Fewer than 1,000 Plains-wanderers survive in the wild, according to recent estimates. Conservations have stepped up efforts to save the species, with a captive-breeding programme and research into their movements through satellite-tracking technology.
Plains-wanderer, the sole member of the family Pedionomidae, is listed as Endangered on the International Union for Conservation of Nature (IUCN) Red List. Formerly found across most of eastern Australia, numbers have crashed over the last decade as native grasslands have been cultivated, leaving most of the few remaining birds in the Riverina region of New South Wales.
Researchers hope the technology will reveal where Plains-wanderers go during wet periods (John Harrison via Wikimedia Commons).
The answer to saving the species may lie in where the birds go during periods of heavy rain, when the birds clear out as ground vegetation grows above normal levels.
The latest release of 15 birds into the Riverina region's Oolambeyan National Park could reveal the answer. Each bird was released with a solar 'backpack' with a two-year lifespan, allowing them to be tracked by satellite.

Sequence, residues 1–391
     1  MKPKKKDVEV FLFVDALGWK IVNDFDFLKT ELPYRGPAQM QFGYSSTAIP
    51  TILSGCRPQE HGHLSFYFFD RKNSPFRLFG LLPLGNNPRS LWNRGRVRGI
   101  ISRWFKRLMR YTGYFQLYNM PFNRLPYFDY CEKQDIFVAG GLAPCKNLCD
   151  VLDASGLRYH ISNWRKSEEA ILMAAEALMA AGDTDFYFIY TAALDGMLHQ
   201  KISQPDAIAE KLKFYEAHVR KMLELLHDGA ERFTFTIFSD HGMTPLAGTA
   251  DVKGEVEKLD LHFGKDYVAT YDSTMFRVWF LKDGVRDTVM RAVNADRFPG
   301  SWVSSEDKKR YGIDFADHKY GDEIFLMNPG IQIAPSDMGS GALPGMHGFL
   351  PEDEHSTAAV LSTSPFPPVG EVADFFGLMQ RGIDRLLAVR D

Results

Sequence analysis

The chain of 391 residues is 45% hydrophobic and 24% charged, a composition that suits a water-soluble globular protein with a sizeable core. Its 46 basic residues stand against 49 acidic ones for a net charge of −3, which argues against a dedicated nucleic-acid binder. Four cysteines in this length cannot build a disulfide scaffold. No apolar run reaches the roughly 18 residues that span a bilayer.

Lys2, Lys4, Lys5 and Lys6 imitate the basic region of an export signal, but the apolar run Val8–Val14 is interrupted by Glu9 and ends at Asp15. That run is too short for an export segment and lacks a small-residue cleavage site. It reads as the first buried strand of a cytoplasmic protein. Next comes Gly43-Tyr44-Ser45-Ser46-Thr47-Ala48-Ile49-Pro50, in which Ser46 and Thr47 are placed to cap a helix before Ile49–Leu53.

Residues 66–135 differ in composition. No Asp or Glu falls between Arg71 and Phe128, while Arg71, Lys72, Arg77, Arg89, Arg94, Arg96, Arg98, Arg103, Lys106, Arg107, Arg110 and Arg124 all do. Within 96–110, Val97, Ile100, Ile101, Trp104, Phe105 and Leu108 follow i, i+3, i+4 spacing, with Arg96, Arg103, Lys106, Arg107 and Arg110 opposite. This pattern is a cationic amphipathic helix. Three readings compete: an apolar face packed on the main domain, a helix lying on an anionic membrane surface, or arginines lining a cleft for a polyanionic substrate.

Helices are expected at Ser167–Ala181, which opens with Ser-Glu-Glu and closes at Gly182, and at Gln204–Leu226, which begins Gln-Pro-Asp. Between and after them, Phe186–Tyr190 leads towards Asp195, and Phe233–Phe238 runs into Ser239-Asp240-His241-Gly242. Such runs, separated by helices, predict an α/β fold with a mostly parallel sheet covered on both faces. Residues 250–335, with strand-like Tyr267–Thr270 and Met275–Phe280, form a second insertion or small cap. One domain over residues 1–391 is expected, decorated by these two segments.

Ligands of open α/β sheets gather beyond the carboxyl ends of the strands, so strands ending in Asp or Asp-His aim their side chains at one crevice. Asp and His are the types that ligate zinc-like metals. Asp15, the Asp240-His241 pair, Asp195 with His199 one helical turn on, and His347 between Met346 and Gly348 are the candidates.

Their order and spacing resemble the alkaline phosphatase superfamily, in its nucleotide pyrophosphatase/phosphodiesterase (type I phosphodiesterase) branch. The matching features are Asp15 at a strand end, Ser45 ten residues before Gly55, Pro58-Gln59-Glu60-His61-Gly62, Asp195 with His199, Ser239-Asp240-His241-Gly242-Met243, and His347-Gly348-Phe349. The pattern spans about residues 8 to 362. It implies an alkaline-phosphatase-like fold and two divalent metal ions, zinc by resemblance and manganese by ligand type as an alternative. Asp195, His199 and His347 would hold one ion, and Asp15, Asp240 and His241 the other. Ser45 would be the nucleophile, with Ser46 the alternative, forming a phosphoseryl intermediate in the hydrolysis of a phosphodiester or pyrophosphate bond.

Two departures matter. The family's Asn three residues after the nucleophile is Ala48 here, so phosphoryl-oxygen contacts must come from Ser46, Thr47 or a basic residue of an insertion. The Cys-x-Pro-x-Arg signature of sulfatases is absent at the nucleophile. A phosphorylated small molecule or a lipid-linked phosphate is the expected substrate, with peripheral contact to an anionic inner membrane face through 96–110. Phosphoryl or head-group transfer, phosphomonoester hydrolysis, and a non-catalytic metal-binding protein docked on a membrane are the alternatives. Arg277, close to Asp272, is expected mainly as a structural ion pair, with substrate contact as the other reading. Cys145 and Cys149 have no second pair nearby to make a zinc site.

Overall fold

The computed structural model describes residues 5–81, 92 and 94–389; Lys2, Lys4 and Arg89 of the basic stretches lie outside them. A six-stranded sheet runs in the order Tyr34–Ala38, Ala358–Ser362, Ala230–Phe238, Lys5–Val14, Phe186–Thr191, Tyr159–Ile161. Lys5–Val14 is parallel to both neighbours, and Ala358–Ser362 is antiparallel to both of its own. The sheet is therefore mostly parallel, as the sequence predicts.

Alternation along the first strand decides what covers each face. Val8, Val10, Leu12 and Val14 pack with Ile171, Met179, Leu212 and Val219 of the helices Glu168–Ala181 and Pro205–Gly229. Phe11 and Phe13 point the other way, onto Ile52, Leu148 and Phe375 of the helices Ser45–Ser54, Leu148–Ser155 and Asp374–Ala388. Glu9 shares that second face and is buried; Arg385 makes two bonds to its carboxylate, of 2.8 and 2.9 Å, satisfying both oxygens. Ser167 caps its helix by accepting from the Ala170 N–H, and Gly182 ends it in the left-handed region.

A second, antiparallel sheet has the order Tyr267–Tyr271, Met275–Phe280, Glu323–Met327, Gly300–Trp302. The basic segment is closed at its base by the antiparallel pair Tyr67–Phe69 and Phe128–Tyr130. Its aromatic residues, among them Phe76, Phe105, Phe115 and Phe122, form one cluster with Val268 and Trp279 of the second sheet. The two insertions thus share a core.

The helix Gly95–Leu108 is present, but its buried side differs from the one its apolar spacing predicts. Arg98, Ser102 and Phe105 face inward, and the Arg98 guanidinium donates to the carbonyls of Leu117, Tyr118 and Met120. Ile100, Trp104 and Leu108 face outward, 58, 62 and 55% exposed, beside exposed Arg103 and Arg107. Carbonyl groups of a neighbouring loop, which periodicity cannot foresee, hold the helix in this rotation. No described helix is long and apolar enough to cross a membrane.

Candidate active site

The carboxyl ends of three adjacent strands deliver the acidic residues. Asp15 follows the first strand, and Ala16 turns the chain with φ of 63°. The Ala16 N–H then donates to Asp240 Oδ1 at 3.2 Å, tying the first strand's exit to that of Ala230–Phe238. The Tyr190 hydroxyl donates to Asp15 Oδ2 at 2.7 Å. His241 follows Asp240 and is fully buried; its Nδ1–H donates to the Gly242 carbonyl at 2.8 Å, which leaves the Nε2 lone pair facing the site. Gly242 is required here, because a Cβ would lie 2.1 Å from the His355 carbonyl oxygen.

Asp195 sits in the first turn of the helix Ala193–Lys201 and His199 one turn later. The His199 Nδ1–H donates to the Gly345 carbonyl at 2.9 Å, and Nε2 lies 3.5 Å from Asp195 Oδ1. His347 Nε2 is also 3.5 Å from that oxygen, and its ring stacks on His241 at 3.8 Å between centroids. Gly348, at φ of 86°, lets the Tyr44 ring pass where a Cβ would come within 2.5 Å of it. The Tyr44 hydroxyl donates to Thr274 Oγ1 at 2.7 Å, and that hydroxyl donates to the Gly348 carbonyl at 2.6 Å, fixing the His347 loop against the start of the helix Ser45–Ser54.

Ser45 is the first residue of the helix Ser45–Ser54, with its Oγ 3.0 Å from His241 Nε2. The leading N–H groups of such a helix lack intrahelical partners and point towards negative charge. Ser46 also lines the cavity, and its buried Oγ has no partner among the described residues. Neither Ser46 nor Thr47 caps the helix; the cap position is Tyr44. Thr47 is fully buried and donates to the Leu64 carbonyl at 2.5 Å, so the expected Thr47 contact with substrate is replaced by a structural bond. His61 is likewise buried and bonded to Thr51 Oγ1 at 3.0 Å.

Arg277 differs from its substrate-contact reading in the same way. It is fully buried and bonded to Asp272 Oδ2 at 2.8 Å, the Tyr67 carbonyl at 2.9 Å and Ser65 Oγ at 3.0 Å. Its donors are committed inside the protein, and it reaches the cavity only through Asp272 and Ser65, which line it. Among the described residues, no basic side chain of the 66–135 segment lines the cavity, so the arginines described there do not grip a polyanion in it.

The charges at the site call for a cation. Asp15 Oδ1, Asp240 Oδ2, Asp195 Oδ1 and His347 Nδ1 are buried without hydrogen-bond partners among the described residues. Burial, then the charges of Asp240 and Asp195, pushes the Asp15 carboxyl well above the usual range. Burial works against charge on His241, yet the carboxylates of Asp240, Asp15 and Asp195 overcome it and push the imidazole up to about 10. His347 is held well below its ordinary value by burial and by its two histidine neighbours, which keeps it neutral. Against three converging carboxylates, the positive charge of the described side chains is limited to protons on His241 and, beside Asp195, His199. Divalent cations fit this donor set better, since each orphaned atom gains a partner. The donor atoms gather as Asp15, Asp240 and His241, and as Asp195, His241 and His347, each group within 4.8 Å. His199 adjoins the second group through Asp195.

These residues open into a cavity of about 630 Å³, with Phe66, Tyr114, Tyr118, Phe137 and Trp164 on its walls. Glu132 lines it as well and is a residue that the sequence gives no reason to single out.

It is the third batch of birds in the 10-year, $175m programme led by the governments of New South Wales, Victoria and South Australia. Previous efforts have been limited to following the birds in the field by radio tracking.
James Griffin, environment minister for New South Wales, said the release was "the culmination of work aimed at bringing the species back from the brink. They'are a critical part of the ecosystem because their presence or absence is an indicator of the health of their native habitat."
He added: " These solar backpack-wearing plains wanderers are paving the way for us to gather important data, which will ultimately help us improve our conservation efforts for wild populations into the future."
The birds wearing satellite-trackers were raised in facilities at Western Plains Zoo in New South Wales, Monarto Safari Park in South Australia and Werribee Open Range Zoo in Victoria.